To T. H. Huxley 2 September 
Down Farnborough Kent
My dear Sir
My second volume on the everlasting Barnacles is at last published, & I will do myself the pleasure of sending you a copy to Jermyn St1 next Thursday, as I have to send another book there to Mr. Baily.—2
And now I want to ask you a favour namely to answer me two questions. As you are so perfectly familiar with the doings &c of all continental naturalists, I want you to tell me a few names of those whom you think wd. care for my volume. I do not mean in the light of puffing my book, but I want not to send copies to those who from other studies, age &c &c wd view it as waste paper.— From assistance rendered me, I consider myself bound to send copies to
- Bosquet of Maestricht
- Milne Edwards 3 Dana. 4 Agassiz 5 Muller
- W. Dunker of Hesse Cassel (?)3
Now I have 5 or 6 other copies to distribute & will you be so very kind as to help me? I had thought of Von Siebold, Loven, d’Orbigny, Kolliker, Sars, Kroyer, &c.4 but I know hardly anything about any of them.—
My second question, it is merely a chance whether you can answer, it is whether I can send these Books or any of them (in some cases accompanied by specimens) through the Royal Society: I have some vague idea of having heard that the Royal Soc. did sometimes thus assist members.—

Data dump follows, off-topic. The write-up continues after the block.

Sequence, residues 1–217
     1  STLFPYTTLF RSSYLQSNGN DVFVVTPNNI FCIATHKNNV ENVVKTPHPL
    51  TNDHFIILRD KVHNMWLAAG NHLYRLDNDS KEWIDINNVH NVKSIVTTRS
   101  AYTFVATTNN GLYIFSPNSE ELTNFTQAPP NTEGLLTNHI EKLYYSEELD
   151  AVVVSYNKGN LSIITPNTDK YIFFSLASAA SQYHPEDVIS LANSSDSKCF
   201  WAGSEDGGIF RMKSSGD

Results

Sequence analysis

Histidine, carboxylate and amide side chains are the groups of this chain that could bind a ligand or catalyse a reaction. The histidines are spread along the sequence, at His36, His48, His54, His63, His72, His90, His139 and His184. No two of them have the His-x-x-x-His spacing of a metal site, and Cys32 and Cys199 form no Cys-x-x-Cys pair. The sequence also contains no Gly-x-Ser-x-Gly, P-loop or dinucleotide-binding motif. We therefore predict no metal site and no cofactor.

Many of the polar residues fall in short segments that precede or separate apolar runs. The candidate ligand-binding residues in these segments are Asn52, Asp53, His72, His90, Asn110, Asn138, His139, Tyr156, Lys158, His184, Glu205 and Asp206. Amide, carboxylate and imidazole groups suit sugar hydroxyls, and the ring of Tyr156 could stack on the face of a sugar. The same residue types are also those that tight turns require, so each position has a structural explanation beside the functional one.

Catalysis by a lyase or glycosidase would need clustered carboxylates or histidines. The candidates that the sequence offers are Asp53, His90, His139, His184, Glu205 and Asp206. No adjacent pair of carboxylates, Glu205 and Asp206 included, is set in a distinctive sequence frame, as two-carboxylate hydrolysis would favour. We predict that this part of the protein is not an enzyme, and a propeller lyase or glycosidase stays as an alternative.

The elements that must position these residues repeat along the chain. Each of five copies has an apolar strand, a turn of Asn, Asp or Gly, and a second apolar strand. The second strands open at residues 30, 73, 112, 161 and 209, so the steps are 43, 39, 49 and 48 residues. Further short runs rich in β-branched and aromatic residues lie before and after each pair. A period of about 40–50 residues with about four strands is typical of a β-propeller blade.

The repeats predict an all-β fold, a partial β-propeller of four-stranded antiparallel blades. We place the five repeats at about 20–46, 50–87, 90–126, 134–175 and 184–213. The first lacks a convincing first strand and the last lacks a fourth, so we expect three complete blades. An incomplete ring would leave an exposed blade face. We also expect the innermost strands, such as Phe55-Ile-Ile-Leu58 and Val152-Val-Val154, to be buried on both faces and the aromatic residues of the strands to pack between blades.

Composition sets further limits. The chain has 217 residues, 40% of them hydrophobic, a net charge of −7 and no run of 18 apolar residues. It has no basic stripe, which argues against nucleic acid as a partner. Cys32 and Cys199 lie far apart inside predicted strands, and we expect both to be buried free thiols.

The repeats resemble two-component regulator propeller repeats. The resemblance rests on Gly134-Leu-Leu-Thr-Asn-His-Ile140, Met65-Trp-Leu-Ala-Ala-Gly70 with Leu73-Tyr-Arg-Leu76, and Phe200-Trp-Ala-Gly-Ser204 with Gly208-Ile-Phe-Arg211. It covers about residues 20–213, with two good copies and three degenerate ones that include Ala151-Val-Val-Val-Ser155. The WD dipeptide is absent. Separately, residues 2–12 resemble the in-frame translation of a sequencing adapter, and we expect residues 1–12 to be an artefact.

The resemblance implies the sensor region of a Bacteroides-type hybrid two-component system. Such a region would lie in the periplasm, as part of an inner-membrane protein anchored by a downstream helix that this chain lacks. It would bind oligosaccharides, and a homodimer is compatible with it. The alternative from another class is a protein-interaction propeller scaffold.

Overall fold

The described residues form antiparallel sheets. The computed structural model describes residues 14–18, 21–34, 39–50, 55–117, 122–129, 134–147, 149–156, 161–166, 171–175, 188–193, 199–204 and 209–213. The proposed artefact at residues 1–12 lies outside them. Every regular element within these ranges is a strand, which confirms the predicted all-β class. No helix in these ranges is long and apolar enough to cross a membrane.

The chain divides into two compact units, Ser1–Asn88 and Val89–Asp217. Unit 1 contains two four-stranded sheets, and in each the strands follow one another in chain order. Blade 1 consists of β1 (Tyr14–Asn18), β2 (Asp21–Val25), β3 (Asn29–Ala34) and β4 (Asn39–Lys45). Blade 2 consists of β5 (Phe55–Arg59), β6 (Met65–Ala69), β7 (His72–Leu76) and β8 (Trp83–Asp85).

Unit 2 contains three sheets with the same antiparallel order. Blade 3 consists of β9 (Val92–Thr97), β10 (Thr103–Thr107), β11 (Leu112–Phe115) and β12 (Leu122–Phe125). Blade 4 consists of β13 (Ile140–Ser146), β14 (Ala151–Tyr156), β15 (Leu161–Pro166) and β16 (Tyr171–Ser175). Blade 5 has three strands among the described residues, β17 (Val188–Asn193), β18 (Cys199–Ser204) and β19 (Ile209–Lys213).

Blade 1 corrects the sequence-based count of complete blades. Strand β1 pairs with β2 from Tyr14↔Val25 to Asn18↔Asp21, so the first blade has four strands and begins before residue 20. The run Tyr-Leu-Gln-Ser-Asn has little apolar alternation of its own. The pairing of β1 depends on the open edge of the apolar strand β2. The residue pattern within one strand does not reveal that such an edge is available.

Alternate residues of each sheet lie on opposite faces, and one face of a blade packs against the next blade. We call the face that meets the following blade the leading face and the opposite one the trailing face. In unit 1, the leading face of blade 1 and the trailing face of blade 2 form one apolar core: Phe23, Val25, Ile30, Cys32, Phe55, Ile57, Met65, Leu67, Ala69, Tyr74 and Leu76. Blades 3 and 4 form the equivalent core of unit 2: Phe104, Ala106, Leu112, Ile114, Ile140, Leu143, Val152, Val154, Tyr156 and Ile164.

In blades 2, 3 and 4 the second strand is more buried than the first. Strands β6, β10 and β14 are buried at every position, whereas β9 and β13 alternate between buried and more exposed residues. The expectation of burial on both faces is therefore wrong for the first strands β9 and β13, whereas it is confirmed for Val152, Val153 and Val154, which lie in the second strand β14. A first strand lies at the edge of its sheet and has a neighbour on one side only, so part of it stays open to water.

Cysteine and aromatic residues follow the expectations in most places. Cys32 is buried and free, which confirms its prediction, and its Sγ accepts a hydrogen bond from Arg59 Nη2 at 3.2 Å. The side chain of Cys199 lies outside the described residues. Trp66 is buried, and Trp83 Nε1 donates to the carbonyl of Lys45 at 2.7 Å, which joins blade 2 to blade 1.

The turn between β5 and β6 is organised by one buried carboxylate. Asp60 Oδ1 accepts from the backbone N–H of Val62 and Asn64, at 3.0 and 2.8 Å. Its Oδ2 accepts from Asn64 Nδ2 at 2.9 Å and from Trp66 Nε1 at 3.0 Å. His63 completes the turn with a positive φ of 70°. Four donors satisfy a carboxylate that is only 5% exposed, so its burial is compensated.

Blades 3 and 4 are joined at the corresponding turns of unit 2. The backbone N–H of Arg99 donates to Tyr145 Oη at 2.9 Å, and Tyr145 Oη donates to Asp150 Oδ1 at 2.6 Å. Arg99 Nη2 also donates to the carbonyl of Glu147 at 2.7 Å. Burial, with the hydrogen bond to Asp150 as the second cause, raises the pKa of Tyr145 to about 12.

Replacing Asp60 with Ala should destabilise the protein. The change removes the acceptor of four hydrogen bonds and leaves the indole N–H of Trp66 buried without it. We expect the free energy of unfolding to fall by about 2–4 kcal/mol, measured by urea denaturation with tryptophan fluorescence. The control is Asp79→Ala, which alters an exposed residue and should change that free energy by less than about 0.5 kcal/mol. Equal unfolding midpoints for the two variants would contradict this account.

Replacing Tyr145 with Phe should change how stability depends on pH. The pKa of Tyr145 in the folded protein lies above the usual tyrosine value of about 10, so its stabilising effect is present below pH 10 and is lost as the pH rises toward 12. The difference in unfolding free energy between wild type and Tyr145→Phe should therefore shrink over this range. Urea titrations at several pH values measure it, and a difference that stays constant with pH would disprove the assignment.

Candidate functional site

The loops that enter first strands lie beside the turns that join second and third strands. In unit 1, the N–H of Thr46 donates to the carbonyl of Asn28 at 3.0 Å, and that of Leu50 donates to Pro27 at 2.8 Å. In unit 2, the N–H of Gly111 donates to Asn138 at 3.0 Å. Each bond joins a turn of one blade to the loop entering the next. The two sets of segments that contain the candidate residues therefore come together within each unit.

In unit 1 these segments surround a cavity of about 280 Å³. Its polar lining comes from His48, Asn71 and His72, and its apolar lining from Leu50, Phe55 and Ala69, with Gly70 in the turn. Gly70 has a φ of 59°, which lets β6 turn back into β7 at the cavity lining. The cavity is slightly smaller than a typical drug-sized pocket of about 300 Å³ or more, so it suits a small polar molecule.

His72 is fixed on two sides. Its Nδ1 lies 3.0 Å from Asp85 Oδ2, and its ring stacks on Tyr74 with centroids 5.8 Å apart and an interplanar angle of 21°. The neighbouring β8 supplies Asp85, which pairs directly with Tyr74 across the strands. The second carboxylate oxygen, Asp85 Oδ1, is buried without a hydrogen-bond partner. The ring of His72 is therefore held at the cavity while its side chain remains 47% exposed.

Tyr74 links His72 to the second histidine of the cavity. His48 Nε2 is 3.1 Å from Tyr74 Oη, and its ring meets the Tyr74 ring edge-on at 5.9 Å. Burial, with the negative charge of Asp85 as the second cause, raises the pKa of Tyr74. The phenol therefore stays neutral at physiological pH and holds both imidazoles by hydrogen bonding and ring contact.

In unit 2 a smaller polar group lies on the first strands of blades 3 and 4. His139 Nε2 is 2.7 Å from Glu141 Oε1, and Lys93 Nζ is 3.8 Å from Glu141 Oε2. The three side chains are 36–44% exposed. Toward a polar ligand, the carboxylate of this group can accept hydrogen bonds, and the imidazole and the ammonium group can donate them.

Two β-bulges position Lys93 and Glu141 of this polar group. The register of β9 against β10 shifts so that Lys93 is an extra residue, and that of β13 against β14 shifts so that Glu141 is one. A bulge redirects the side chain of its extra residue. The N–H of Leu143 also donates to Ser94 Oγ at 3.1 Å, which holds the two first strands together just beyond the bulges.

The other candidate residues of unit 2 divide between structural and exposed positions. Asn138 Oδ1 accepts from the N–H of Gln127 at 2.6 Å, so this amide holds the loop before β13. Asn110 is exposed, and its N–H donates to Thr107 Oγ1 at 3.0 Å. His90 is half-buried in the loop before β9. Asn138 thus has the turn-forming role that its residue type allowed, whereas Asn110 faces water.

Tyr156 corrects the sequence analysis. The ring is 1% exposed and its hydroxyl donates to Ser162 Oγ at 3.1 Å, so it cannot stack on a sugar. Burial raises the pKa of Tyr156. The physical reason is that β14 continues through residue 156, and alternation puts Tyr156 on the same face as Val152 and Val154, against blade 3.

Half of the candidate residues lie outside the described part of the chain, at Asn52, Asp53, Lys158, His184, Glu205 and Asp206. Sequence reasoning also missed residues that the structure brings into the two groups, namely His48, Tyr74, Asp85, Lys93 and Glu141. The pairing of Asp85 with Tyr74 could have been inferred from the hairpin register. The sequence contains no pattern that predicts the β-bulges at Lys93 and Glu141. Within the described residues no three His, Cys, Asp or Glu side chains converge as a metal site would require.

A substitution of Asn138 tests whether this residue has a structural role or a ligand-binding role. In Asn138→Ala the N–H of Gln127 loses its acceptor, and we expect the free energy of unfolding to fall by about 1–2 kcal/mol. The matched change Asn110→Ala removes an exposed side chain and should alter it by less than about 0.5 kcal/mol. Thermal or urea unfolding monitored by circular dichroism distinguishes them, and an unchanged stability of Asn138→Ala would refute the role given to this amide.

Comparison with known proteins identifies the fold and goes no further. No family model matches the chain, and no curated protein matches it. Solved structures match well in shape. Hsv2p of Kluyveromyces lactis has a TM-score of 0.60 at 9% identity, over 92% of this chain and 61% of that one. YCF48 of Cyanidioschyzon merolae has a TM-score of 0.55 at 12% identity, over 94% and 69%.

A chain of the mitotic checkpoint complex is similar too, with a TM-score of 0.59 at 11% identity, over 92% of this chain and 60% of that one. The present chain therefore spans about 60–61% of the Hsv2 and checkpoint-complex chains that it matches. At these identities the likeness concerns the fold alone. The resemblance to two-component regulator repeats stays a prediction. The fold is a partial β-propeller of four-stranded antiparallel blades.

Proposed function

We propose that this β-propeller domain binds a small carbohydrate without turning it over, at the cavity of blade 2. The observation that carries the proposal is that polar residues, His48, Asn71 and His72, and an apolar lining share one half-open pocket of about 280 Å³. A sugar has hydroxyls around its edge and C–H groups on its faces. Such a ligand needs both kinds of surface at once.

I have just been reading your Review of the Vestiges,5 & the way you handle a great Professor is really exquisite & inimitable.6 I have been extremely interested on other parts & to my mind it is incomparably the best review I have read on the Vestiges; but I cannot think but that you are rather hard on the poor author. I must think that such a book, if it does no other good, spreads the taste for natural science.—
But I am perhaps no fair judge for I am almost as unorthodox about species as the Vestiges itself, though I hope not quite so unphilosophical. How capitally you analyse his notion about law. I do not know when I have read a review which interested me so much. By Heavens how the blood must have gushed into the capillaries when a certain great man (whom with all his faults I cannot help liking) read it.—7
I am rather sorry you do not think more of Agassizs embryological stages,8 for though I saw how excessively weak the evidence was, I was led to hope in its truth. I had no intention of prosing in this manner when I begun.
Pray believe me yours sincerely | C. Darwin
Second Living Cirripedia volume published. Asks THH’s advice on presentation copies for continental naturalists.
THH’s review of Vestiges of creation in [Br. & Foreign Med.-Chir. Rev. 13 (1854)]. CD is almost as unorthodox on species as the author of Vestiges, but hopes not quite so unphilosophical.
Hopes L. Agassiz was sounder on embryological stages than THH thinks.
- Letter no.
- Charles Robert Darwin
- Thomas Henry Huxley
- Sent from
- Source of text
- Imperial College of Science, Technology, and Medicine Archives (Huxley 5: 8)
- Physical description